Are you wondering where the clutter is in your home? Have you ever walked around your home and couldn't find clutter you didn't want or need? Did you ever walk around your house and not see the clutter? You could be walking over things and not realize it. This is clutter blindness. Indeed, it is a massive obstacle before you start the decluttering process.
I will help you awaken to clutter blindness in your home seamlessly. So, in this three-part series, I will share how to awaken to clutter blindness and keep the clutter at bay once and for all.
Clutter blindness definition
Clutter blindness is defined as unseen clutter, even though it may be right in front of you. Your brain doesn’t process these items as clutter because it has become a fixture of your home or office, and you forget what these items were used for in the first place. The result of clutter blindness is cluttered homes and stressful lives.
11 Signs you have clutter blindness.
There are numerous signs that you have clutter blindness. Below are just some of them.
- You have many incomplete tasks around your home.
- Feeling unhappy with your home or life.
- The items become hazardous in your home. There are areas of paths to get through the room.
- Friends and family offering to help you clean could indicate that they see that clutter you do not see.
- Looking for things becomes an issue.
- You may have piles of things all around your home collecting dust, which doesn't bother you.
- There are no assigned places for things.
- No systems in place for papers.
- Spouses or family members are annoyed that the house is a mess.
- You feel like the house is never cleaned.
- You always say 'yes' to free stuff.
If you can relate to these signs, you probably are clutter blind. Now, what to do about it? This three-part series will show you how to awaken to the clutter blindness that occurs. Read on, and get the free book and worksheet to awaken the clutter in your home.
Awaken to the Clutter in your home - Part 1
Since this clutter blindness process doesn't happen overnight, I have derived a way to reconnect to the clutter in a home and office.
Here are the first steps on how to awaken to the clutter in your home:
First, pick a room and start with a notepad marked with 5 columns and write the following header at the top of each column:
- Assign a Task Name - be specific and make sure it isn't several tasks. The way to keep tasks manageable is to break them down into small steps. It may seem like many steps, but you can handle them easily because it is more realistic.
- Tasks take 15-30 minutes - check if this column can be completed now. This task would take less than 15 minutes or ½ hour to do.
- Tasks take 1-2 hours- check this column to see if it can be completed in two hours.
- Tasks take 4-6 hours - Check this column if a particular task has several steps and involves planning.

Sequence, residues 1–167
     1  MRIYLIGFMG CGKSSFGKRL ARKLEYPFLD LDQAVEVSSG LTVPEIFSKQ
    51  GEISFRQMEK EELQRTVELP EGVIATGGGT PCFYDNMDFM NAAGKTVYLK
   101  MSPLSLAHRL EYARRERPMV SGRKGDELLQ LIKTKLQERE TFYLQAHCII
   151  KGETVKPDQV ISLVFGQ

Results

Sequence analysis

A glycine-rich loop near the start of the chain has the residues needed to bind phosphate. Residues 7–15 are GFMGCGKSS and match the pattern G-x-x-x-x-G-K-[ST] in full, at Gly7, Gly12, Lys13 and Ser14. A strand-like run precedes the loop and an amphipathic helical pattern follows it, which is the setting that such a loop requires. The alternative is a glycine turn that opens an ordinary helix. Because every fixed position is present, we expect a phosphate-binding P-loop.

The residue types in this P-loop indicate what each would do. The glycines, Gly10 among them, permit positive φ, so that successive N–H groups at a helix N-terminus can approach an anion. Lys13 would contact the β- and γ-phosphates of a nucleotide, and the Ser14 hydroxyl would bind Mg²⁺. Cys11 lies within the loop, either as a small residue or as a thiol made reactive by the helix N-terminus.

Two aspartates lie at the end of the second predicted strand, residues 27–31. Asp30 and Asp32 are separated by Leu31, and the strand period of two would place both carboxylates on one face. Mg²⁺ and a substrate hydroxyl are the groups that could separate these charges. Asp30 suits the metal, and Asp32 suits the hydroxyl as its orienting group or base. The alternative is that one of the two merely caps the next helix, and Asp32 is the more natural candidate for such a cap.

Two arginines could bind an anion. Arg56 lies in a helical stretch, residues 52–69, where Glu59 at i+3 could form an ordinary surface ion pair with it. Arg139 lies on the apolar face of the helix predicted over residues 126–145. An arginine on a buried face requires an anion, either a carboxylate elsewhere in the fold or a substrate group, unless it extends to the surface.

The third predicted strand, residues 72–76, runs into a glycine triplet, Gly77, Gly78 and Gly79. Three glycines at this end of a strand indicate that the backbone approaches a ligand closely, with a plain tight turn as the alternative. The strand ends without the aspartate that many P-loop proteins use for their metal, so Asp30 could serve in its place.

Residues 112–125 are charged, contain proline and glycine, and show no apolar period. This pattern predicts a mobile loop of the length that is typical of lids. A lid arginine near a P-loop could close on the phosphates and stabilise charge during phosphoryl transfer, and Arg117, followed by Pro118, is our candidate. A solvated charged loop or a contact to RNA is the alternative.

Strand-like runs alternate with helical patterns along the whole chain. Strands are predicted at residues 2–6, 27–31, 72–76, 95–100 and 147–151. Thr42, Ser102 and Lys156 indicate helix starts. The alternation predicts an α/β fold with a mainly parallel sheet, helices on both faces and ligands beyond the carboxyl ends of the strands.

- When should I have it done? - Add the date that you want to finish it by. Nothing else. Remember, this is only to help you awaken to the clutter.
Next, write down how you are feeling during this process.
Ask yourself these questions while finding the clutter in the room to help you determine how you are feeling.
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- What room should I work in first and why?
- What is the most important task in this room?
- How do I feel while looking at these unfinished tasks?
- Are there tasks I listed here not going to help me reach my room/life goals?
- Will I be able to do these tasks myself, or will I need help? If I need help, who will I ask?
Now create a roadmap.
Now it is time to create a roadmap for the room. Write down the list of tasks you have to do for this room. This part is where you will break down the list of tasks above to be even more specific.
To organize the tasks, you can write down specific tasks on sticky notes and organize them from the first step to the last step. I included a Roadmap and Even More Tasks pages in the free Awaken to Your Clutter Blindness ebook.
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If you want a free instruction ebook and workbook I made for you and all my other ebooks, please add your information here, and I will send you the one I made.
Learn more about how to determine your definition of clutter.
Where should I start to find this clutter?
Start at the entryway of any room in your house that you wish to awaken to the clutter.
Close your eyes and take a deep breath and let it out. Open your eyes and walk into the first room.
Then, slowly start from the right of the doorway and look around the room. Look for signs of incomplete projects like:
- Items that are out of place
- Items that need to be taken care of
- Trash that may need to be thrown away
- Items that need to be given away
- Projects that need to be started
- Projects that need to be completed
Write down the uncompleted projects and items that need to be removed and corrected on your notepad, and assign 'a deadline’ for every task.
Remember to pretend you are in someone else's house to help minimize the judgment you may have about the clutter you see.
Schedule the time to complete these tasks.
With your checklist, detailed tasks, and your planner, assign a time for each task. This may take some time to do, so don't be discouraged.